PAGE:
To create an outdoor area on an indoor map, do the following:
1. Navigate to Floors > Select the floor > click on the Placemark icon.
2. Click on Add Placemark
3. Click on the Polygon Placemark option
4. Draw the area that is open to the sky above.
5. Scroll down the Placemark page to Generic placemarks and select Outdoor Area. Selecting the type as Outdoor Area for this placemark polygon will use GPS for location awareness instead of BLE when the user is inside this area.
6. After you click Save, the polygon will be displayed on the Meridian Map. The shape of the polygon can be adjusted by moving the handles.
Understanding Map Transitions
Since the Meridian-powered mobile app relies on BLE or GPS signals to locate the user on the Meridian map, it is critical to place beacons for best RF signal propagation and draw an outdoor area polygons where GPS signal is strongest.
When a user transitions from one map to the next, whether it is floor-to-floor or indoor-to-outdoor, the mobile app has to do the following:
- Listen for the BLE or GPS signal
- Display the corresponding map
- Locate the user
Each of these activities takes time and may affect the app's performance in a way that delivers an unsatisfactory user experience. In order to improve the user experience we want to reduce the amount of time it takes to go through this process.
Listening for the BLE or GPS Signal
Each mobile device will hear the BLE signal or GPS signal differently so there is no way to tune the deployment for all mobile devices. From experience, iOS mobile devices have the most consistent reception of RF and GPS signal across multiple devices. The signal reception for Android mobile devices may vary quite a bit and are more inconsistent with older models. The only factor that can be improved here is the placement of the beacons for BLE signal.
For the purpose of this article, we will only cover beacon placement for the purpose of optimizing map transitions. For more information about beacon placement go to Deploying Aruba Access Points and Beacons for Meridian Wayfinding.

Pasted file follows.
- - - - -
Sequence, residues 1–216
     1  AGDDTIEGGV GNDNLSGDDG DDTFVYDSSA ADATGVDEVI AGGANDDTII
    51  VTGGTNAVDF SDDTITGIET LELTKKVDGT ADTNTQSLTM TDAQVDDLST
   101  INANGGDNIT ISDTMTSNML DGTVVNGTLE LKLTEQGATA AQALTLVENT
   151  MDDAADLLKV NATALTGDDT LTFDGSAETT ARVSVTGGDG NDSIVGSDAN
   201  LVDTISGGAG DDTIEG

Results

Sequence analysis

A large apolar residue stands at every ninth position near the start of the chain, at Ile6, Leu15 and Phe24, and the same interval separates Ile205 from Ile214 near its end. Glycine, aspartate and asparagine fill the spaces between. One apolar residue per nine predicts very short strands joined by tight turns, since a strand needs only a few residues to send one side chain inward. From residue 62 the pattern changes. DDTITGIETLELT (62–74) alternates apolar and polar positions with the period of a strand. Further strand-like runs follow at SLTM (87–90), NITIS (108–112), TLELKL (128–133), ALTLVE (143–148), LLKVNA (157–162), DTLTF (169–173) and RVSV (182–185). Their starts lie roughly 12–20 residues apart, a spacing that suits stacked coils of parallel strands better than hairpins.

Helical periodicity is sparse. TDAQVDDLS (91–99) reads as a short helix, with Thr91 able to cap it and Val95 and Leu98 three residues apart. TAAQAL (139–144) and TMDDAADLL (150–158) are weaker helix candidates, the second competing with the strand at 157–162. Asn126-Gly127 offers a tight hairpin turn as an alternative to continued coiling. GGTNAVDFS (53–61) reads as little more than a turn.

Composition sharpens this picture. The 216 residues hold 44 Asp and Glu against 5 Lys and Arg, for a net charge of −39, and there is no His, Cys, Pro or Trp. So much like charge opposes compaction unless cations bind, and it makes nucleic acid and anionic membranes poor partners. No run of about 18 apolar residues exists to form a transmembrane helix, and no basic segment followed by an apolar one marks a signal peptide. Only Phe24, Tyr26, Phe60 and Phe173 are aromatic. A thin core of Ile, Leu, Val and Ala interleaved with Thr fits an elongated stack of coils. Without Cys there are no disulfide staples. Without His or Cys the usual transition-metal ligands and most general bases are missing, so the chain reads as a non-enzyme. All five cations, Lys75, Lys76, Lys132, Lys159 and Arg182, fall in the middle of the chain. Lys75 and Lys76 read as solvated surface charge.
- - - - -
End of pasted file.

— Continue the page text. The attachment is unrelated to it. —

Displaying the Corresponding Map
When a map is on the screen, it is cached for a short period of time. But, if it is determined that a new map is to be displayed it must have an Internet connection to fetch the map that corresponds the the signal heard, and then it will load the properties of the map. Here, we can improve by minimizing map properties such as map size, placemarks and routes.
Locating the User
After the map is loaded, the mobile app will zoom into the user's location and draw the dot to represent the user's location on the map. Timing of this is all based on the processing power of the mobile device.
Optimizing Map Transitions
Floor-to-floor transitions are not much of an issue in most cases. However, we have come across scenarios where a user climbs up a stairwell, enters a new floor and walks halfway down a hallway before a blue dot shows up on the map. If the user has a route created, the map of the previous floor may be visible a few seconds longer that they would like.
To remedy this, beacons can be placed in the stairwell directly above the door entering the floor, ensuring it does not have a line of sight to nearby beacons. This causes the new floor map to load as the user enters through the stairwell door.
The techniques applied to optimizing for Indoor-to-Outdoor will also work for Outdoor-to-Indoor. The following steps will help to optimizing the transition:
Step 1. Configure map as indoor map.
Step 2. Use outdoor area polygon where GPS is required
Step 3. Place beacons near the outside of the entrance to the building
As soon as the user steps outside the building, mobile app will immediately get the outdoor map and draw a blue dot to represent the user's location. This helps to mitigate situations where the GPS signal may not be strong enough to determine the user's location. When the user walks away, the BLE signal will get weaker. As the GPS signal gets stronger, since the outdoor map is already loaded, the app just has to transition from a blue dot to a green dot.
For outdoor-to-indoor, this is also applicable. As the user approaches the entrance to the building, the green dot will transition to blue on the same map. Since the location engine is now in BLE listening mode, as the user walks into the building and the mobile device hears the indoor beacons, it will load the map and show the user's location.
This technique will improve floor-to-floor and indoor-to-outdoor transitions providing your user a more satisfactory wayfinding experience. There may be some delays, but there should not be any noticeable delays that makes the app useless. If you should have additional questions, please feel free to contact email@example.com.